Morton Hall Gardens - May 14th 2019
14th May dawned bright and warm for the visit to Morton Hall Gardens where we were met by Harry Green, the Head Gardener who gave a brief history of the house and site followed by a tour of the garden. This began with the meadow, covered in various wild flowers and two recently introduced varieties of Camassia together with trees planted to flower at different times of the year. On to the Japanese garden with its tea house and wonderful woodland rockery. After walking round the pond and following the winding watercourse above, we emerged to see below a listed Chestnut tree. An arched gateway took us to the Kitchen Garden planted ornamentally but purposefully to provide not only vegetables but also fruit from the glasshouses. The tour concluded in the West Garden planted to enhance the spectacular view over the Worcestershire countryside, followed by a delicious cream tea in the Garden Café.
Olives, Elephants and Explosives- April 2nd 2019
A meander along the Avon from Wyre to Pensham with Keith Goddard. Chairman introduced the meeting by pointing out the Saxon sculpture now revealed on the back wall in St. Andrews Hall previously hidden by the piano. One of life’s mysteries as no-one knows what or from where but is estimated to be over 1,000 years old. Keith presented a collection of photographs illustrating life as it was on and along the Avon starting with Osier and Tiddle Widdle Island opposite the Anchor Inn in Wyre Piddle. There was also a ferry that operated taking customers from Wick with no pub to the Anchor in Wyre. Renovations to the locks in Pershore were illustrated with clips of Pisgah the boat used for carrying grain to Pershore Mill from Gloucester before road transport took off. Pisgah is a peak in the Mount of Olives from where Moses saw the Holy Land. The boat was sold in 1922 and is now a houseboat based in France.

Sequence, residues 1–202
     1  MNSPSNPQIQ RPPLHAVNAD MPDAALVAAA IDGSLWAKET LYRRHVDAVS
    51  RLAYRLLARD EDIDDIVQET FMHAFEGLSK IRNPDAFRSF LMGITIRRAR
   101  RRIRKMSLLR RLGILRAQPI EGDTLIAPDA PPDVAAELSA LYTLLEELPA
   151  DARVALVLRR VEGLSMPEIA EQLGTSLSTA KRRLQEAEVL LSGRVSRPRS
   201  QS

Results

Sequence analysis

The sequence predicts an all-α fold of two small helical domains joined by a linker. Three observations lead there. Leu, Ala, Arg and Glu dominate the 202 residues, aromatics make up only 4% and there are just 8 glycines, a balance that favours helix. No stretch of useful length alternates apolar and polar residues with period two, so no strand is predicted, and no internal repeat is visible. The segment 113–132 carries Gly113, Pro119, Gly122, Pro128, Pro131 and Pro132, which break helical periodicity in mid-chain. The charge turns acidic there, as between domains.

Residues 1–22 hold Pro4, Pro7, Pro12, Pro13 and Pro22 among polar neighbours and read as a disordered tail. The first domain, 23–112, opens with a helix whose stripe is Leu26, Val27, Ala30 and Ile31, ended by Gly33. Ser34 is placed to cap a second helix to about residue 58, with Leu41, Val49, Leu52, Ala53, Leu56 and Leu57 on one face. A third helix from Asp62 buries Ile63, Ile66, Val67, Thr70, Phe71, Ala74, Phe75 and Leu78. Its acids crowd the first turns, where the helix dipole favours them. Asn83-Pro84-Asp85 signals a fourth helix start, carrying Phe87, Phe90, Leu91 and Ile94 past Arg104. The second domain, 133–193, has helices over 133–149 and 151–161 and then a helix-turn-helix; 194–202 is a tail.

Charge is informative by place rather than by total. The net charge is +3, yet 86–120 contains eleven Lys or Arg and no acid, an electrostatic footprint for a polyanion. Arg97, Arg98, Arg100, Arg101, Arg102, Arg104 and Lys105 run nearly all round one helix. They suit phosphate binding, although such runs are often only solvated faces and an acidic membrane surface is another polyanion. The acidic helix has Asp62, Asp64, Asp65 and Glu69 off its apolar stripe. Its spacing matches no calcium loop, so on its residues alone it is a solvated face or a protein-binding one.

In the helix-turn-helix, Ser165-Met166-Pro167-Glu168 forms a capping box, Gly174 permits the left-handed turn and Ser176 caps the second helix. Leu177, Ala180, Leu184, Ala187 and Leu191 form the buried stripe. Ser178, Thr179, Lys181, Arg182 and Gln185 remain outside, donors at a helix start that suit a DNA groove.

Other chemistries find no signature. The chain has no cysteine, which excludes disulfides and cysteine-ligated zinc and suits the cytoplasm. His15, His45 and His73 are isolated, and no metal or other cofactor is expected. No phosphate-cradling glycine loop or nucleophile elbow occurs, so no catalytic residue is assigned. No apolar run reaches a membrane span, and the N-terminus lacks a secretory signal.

Watergate near Pensham

Watergate near Pensham

Views were shown of Weir Meadows where the circus paid an annual visit with elephants being taken across the road for a swim in the shallower waters. Clips were shown of the coal wharf serving Wick and Pensham together with the Watergate which was destroyed with explosives by the Royal Engineers at the request of LANT although the blast was apparently larger than expected. The remaining stonework can often be seen amongst the reeds adjacent to what was once Sanders Boat Hire. Fascinating meander along the Avon.

Talk by Roy Hirons 'My Pershore' - February 5th 2019

1929 John Alexanders grandfather Bruiser Woods in flat cap official starter

1928 Miss Coventry (left) & friend

A fascinating evening showing postcards and photos of Pershore’s past including many of the old racecourse situated opposite Defford Road which opened in 1899 moving behind what is now the High School in 1934. One photo featured “Bruiser” Woods the official race starter in 1929 and grandfather to the current president of Pershore Civic Society John Alexander. There will be another opportunity to view some of these photos and other memorabilia at the Photo Day in St. Andrews on Saturday 29th June 10.30 – 1.30pm when all will be welcome.

2018 Diary Days and Reviews >>>